RE: Public perceptions of science: was Why Most Published Research Findings Are False

From: Alexanian, Moorad <alexanian@uncw.edu>
Date: Mon Sep 12 2005 - 11:11:28 EDT

The drastic difference between biology and physics is that the notion of
life enters the former while is totally foreign in the latter. The real
question is how much of biology can be reduced to atoms and molecules
without tackling the question of what life is. However, I believe that
life cannot be defined in terms of purely physical concepts. Of course,
people still talk of complex molecules like DNA as describing much of
what humans and animals are. Needless to say, the question of human
rationality and consciousness presupposes life but must represent an
astronomical jump in complexity, whichever way the problem is tackled.

 

Moorad

 

________________________________

From: asa-owner@lists.calvin.edu [mailto:asa-owner@lists.calvin.edu] On
Behalf Of Terry M. Gray
Sent: Sunday, September 11, 2005 5:49 PM
To: asa@calvin.edu
Subject: Re: Public perceptions of science: was Why Most Published
Research Findings Are False

 

Hi everyone,

 

I'd like to suggest a more conciliatory approach to moderate the recent
rancor on these two threads.

 

Loren Haarsma from Calvin presented to following paper at the ASA
meeting this summer as part of the ID "vs" TE symposium:

 

http://www.asa3.org/ASA/meetings/Messiah2005/papers/IsIDScientific_ASA20
05.htm

 

Loren, I think, masterfully set the right tone for a productive debate.
Dembski followed him prepared, of course, to argue that ID is
"scientific" and when Loren didn't come loaded with that particular
critique was surprisingly, in my experience, conciliatory himself. He
even admitted that theistic evolution is a plausible Christian position.

 

I created a web version of Loren's handout and paper and he gave me
permission to put it on the ASA web site. If you would like a Word
document version, you can get it directly from Loren's web site at
Calvin at http://www.calvin.edu/~lhaarsma/IsIDScientific_ASA2005.doc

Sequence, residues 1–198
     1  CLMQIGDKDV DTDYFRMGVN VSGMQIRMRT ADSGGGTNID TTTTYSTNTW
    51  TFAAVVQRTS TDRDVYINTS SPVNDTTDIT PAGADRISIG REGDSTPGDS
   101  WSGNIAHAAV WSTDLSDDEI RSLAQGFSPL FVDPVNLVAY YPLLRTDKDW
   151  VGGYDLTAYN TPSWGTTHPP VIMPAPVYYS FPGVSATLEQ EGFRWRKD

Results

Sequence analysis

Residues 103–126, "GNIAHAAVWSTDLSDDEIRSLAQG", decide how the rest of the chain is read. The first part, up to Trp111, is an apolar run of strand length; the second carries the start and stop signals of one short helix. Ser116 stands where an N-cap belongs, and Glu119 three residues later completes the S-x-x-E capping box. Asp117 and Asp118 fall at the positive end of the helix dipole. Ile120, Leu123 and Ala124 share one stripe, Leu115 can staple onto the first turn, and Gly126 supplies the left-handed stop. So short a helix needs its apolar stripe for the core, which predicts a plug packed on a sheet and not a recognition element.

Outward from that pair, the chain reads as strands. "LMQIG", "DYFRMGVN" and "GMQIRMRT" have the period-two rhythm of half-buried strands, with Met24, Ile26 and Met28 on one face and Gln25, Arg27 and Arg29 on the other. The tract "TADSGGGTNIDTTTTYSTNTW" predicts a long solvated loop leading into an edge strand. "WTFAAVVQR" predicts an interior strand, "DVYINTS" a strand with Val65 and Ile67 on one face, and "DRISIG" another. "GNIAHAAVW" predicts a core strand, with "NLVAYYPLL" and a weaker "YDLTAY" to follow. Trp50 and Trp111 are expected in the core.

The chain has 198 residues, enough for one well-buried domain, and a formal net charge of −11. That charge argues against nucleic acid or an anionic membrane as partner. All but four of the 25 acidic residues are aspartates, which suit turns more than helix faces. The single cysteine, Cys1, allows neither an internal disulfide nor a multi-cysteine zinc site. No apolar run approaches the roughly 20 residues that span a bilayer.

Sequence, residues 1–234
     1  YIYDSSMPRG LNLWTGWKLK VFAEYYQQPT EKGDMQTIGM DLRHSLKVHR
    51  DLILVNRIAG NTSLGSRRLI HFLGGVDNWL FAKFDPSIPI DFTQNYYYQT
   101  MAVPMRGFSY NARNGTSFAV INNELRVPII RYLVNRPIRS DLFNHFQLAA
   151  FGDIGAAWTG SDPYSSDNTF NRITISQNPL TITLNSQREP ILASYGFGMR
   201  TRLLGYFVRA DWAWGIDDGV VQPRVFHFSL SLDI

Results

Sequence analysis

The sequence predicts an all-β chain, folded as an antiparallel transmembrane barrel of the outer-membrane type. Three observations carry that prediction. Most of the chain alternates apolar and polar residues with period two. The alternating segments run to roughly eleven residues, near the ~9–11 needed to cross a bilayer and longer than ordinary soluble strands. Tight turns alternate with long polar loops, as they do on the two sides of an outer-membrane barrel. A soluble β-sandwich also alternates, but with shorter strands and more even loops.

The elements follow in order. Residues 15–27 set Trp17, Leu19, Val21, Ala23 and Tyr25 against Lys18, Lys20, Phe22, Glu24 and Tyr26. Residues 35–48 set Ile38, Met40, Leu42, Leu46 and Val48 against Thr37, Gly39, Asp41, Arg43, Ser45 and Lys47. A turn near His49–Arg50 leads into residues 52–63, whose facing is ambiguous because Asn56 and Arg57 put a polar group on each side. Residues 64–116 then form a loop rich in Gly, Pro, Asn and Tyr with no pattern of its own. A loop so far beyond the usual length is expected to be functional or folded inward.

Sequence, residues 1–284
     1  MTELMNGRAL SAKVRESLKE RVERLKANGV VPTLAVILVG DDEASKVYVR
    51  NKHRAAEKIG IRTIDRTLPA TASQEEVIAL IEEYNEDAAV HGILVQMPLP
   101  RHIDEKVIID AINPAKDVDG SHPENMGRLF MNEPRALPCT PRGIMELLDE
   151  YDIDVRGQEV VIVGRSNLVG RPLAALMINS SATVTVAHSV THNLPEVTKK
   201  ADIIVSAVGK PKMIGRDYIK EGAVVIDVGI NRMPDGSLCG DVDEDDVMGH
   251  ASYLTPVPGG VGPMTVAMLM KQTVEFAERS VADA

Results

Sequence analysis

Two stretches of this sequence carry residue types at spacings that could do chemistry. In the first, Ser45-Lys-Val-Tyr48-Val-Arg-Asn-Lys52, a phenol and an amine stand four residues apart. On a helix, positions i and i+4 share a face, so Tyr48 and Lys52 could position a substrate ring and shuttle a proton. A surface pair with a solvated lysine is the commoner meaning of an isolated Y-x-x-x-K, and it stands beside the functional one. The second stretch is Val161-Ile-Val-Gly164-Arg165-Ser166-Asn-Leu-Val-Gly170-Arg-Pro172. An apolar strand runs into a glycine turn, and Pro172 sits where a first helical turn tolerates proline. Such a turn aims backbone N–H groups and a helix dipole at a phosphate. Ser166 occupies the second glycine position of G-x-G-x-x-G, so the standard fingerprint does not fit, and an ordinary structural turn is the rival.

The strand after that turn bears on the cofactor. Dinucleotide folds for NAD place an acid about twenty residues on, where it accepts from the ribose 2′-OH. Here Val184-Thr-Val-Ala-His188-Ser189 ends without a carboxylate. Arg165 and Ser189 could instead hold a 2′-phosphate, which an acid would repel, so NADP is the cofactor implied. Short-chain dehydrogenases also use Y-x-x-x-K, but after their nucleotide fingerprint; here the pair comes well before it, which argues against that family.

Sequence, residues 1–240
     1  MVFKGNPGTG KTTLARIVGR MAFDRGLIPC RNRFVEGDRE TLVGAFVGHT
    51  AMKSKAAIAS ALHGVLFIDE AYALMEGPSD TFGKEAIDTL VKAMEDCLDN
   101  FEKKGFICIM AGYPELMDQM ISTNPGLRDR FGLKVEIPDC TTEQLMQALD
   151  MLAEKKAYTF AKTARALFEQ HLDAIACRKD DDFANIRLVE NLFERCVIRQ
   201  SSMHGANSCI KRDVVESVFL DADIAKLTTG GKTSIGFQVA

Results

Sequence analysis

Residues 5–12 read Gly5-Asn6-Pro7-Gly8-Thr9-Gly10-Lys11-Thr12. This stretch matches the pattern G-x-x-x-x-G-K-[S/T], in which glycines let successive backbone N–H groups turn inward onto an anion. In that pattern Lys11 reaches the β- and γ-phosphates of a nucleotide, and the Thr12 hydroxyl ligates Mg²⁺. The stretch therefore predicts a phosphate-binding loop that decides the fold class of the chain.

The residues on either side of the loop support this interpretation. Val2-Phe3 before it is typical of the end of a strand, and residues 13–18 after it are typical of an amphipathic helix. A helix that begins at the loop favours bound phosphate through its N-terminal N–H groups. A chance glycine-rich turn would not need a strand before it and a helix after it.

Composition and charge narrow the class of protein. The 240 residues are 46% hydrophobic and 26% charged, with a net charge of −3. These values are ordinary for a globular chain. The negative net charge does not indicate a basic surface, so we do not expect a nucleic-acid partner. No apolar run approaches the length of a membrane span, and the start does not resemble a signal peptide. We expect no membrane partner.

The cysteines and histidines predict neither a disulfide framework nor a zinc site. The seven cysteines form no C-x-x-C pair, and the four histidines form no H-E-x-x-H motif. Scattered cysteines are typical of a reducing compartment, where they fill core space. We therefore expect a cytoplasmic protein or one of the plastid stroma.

I am in Loren's "explainable" or "partially explainable" camps when it
comes to most of the ID examples from biology (flagella, origin of life,
other irreducibly complex systems). I'm quite content to argue against
ID on the basis of plausible scenarios rather than demarcationist
arguments.

 

For what it's worth, in my opinion as a biologist (and otherwise), the
recent arguments that biology is not science are just pompous physical
science arrogance. From the information about joining the ASA: "Science
is interpreted broadly to include anthropology, archeology, economics,
engineering, history, mathematics, medicine, political science,
psychology, and sociology as well as the generally recognized science
disciplines." I've long disagreed with Moorad on this and it's just
putting your head in the sand to say otherwise. Most people say that
biology is not a physical science, but a unique, autonomous scientific
discipline, biological science. Most people will, however, categorize
biology as a natural science (notice that natural does NOT equal
physical in these characterizations). Natural science is conventionally
contrasted with human or social sciences (please, don't make the joke
about, if science is in your discipline's name, it's not science). We
really must abandon these demarcationist arguments and be willing get to
more substantive discussions asking whether or not the claims are
correct not whether or not they match up with someone's rules of the
game.

 

TG

 

 

 

________________

Terry M. Gray, Ph.D.

Computer Support Scientist

Chemistry Department

Colorado State University

Fort Collins, CO 80523

(o) 970-491-7003 (f) 970-491-1801

 

 
Received on Mon Sep 12 11:14:00 2005

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